When performed by an expert, surfing can look like a dance, a series of graceful maneuvers combining strength, balance and agility. To the untrained eye these movements look like a single fluid progression, but, in fact, are a sequence of unique maneuvers, each one learned and mastered by the surfer, and then combined to produce the act of surfing. Let’s take a look at some of these maneuvers.
Basic Surfing Maneuvers
The first movement in surfing is the “take-off”, the process of successfully catching a wave by paddling into it and jumping to your feet. For obvious reasons, no other maneuver can be attempted until the take-off can be performed routinely.
Once the surfer is up and riding with confidence, the next challenge is to keep the ride going for as long as possible. To accomplish this, the first maneuver most surfers learn is the “bottom turn”, a turn executed at the bottom of a wave after dropping down its face. This delivers the surfer back up the face of the wave for more energy and a longer ride.
When the surfer performs a series of rapidly executed bottom turns up, resulting in a rapid ride up and down the face of the wave for the purpose of gaining speed, it’s called “pumping”.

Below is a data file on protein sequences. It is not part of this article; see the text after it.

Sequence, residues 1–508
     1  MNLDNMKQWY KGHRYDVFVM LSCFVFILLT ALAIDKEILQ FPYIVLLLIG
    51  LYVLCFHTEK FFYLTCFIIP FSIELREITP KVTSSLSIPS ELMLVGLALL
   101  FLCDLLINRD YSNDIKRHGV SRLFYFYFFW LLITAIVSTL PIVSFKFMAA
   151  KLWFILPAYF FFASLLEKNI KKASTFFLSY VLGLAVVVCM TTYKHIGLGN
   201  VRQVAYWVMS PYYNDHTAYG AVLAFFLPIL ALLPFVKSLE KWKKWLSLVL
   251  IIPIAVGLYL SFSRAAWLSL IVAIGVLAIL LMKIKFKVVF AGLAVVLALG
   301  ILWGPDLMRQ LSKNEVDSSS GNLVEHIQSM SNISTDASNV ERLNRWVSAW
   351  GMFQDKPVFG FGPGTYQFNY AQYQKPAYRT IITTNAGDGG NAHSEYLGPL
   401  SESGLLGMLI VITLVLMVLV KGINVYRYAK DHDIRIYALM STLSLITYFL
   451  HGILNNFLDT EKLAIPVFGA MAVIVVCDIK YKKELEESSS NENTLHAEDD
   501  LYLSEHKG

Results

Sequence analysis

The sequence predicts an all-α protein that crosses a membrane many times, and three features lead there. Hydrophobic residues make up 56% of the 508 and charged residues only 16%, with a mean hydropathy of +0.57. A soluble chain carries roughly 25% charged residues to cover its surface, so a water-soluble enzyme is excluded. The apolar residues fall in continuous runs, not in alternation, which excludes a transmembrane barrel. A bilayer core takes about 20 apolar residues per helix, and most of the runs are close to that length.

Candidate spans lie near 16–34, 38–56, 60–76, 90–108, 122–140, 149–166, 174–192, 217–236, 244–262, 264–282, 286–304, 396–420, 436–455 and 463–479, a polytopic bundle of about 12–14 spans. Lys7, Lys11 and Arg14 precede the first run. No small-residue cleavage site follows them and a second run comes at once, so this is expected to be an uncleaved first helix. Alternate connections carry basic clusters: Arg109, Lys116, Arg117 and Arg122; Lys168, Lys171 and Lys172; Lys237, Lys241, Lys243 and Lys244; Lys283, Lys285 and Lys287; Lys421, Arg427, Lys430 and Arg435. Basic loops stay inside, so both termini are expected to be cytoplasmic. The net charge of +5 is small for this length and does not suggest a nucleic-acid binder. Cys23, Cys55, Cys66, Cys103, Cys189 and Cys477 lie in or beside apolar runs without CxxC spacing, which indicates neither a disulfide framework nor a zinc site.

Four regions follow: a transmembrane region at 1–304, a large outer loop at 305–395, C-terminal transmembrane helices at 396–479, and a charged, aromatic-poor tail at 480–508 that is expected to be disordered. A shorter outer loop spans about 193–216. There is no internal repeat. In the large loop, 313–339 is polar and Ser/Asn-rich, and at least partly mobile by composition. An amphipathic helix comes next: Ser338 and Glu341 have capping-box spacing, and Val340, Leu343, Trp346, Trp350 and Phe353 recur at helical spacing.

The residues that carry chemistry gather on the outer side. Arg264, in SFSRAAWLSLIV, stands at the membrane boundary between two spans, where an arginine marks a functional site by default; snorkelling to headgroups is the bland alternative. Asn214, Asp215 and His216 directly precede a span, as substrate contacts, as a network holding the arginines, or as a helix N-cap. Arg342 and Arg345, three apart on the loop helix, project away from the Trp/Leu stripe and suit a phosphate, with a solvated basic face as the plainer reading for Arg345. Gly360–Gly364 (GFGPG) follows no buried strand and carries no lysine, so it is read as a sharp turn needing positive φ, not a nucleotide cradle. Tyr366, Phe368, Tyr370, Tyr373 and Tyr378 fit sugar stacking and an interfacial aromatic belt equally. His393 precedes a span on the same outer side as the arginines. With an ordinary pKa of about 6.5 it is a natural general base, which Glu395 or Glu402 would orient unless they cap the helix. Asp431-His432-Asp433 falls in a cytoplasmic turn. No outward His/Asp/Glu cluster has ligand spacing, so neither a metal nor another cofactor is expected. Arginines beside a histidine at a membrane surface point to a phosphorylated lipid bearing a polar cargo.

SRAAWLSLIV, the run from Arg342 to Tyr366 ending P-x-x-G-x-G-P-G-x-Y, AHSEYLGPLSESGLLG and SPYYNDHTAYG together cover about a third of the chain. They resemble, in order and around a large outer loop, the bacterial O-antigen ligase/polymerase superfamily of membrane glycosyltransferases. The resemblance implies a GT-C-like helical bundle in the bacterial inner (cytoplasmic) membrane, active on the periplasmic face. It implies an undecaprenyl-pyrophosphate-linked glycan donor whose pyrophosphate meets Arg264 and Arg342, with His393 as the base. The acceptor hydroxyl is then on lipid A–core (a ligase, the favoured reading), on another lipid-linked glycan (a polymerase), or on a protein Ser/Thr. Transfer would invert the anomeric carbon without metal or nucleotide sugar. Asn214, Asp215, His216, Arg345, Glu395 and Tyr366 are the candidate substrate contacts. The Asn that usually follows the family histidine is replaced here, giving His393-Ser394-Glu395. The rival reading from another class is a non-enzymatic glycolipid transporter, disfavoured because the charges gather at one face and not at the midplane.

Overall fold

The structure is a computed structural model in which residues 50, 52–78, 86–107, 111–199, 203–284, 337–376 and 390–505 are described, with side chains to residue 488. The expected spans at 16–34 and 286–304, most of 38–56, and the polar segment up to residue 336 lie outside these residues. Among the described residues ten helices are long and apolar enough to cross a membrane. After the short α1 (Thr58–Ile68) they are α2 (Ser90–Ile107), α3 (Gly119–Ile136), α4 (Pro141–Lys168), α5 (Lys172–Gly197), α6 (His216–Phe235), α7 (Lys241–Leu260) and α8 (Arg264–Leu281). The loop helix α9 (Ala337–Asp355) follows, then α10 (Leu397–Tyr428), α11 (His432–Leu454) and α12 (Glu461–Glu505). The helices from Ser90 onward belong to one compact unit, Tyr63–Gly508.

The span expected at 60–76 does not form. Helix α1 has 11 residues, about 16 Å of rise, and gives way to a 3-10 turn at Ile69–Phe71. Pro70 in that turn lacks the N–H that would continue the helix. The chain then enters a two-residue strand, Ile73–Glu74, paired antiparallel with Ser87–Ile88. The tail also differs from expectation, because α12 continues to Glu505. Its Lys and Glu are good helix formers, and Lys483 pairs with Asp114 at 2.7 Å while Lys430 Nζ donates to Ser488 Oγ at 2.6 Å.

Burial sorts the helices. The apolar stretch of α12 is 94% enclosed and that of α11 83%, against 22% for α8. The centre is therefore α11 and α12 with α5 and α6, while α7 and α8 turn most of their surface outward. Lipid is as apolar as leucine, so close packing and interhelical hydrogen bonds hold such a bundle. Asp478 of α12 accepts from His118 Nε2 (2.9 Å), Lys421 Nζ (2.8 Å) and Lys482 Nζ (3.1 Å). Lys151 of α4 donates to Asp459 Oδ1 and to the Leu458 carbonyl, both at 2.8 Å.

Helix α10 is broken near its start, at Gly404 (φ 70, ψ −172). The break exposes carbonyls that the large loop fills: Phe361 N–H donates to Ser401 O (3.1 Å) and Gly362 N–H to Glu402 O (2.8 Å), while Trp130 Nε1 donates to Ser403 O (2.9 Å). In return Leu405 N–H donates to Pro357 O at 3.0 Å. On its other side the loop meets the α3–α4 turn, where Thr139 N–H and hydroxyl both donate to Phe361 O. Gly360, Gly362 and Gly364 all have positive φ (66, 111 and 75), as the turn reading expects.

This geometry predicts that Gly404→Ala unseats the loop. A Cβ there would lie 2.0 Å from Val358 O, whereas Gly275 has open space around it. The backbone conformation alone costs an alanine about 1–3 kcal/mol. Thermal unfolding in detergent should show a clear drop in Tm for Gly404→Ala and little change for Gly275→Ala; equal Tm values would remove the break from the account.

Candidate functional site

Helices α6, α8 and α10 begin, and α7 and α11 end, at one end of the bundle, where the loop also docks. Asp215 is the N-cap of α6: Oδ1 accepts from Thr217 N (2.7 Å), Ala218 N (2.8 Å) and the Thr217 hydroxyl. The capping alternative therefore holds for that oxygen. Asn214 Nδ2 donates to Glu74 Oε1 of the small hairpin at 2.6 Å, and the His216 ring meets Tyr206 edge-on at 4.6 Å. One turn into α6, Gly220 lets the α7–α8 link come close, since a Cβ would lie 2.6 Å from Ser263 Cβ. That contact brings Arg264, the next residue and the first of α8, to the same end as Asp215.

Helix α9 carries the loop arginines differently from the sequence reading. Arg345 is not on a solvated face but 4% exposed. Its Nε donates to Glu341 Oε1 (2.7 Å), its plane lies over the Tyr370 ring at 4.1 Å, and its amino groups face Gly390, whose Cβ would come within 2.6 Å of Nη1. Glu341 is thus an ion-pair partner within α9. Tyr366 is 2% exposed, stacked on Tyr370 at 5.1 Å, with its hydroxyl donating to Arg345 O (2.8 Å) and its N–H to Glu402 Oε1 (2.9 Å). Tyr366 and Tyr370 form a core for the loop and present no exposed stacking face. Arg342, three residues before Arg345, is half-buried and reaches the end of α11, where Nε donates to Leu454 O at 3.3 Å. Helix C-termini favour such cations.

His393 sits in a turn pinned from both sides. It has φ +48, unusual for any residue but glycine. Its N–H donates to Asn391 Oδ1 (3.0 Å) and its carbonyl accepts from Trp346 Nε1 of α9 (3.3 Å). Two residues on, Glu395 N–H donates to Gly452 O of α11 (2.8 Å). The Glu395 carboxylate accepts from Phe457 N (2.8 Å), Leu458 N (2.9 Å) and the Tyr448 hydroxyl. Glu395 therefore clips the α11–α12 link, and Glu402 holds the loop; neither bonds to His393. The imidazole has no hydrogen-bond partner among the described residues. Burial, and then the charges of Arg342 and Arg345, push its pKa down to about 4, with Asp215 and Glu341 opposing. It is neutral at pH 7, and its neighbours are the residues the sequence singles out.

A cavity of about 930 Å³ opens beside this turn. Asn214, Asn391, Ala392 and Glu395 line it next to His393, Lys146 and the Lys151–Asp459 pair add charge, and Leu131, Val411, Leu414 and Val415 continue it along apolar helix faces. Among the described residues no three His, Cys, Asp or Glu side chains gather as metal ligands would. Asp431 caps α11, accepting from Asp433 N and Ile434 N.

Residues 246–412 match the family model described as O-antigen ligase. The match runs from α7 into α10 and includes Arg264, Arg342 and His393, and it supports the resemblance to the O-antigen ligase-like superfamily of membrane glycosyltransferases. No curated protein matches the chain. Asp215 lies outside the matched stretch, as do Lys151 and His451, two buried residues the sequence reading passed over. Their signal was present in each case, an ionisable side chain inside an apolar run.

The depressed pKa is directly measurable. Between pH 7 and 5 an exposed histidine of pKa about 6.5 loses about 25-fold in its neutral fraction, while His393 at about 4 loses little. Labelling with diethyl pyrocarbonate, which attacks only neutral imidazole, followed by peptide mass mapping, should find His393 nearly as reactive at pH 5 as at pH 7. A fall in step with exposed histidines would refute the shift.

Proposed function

A turn executed on the shoulder of the wave that delivers the surfer back towards the breaking part of the wave is called a “cut-back” and is the maneuver most surfers learn next.
When the ride is over and the surfer turns out of the wave to slow down and stop, it’s called “kicking out”.
Advanced Surfing Maneuvers
Once the surfer can sustain a ride by these maneuvers the next challenge is to learn higher grade maneuvers like “turning off the lip” where the board is turned at the very peak of the wave.
The “rail grab” is another advanced trick in which the surfboard’s rail is grabbed with the back hand while riding.
“Cross-stepping” is when the surfer steps forward or back on the board. Once the surfer can move around on a long board while riding, he can attempt to “hang five”, placing one foot or five toes on the very nose of the board.
Once a surfer can hang five, the next logical step is to “hang ten”, placing both feet or ten toes on the nose of the board, also called “nose riding”.
The “helicopter” is an advanced long boarding maneuver in which the board is spun around from the nose and the surfer is briefly riding backwards on the board.
A surfer who has mastered all of these maneuvers is ready to begin “shredding”. Shredding is the performance of high-grade maneuvers and is the stock-in-trade of world class surfers. Many of these maneuvers involve aerials in which the surfer launches off the crest of a wave, performs some trick in the air, and then lands to continue the ride.
A “front air reverse” is a leap off of a wave, a twist in the air, and then landing nose first into the wave. An “aerial barrel roll” is a 360 degree twist in the air. A “rodeo clown” is a flip while holding onto the rails of the board.
The art of surfing is really just the stringing together of a series of maneuvers. Your progress as a surfer can be charted by your mastery of these maneuvers. By taking them one at a time, mastering each in turn, you can climb the ladder to being an expert surfer.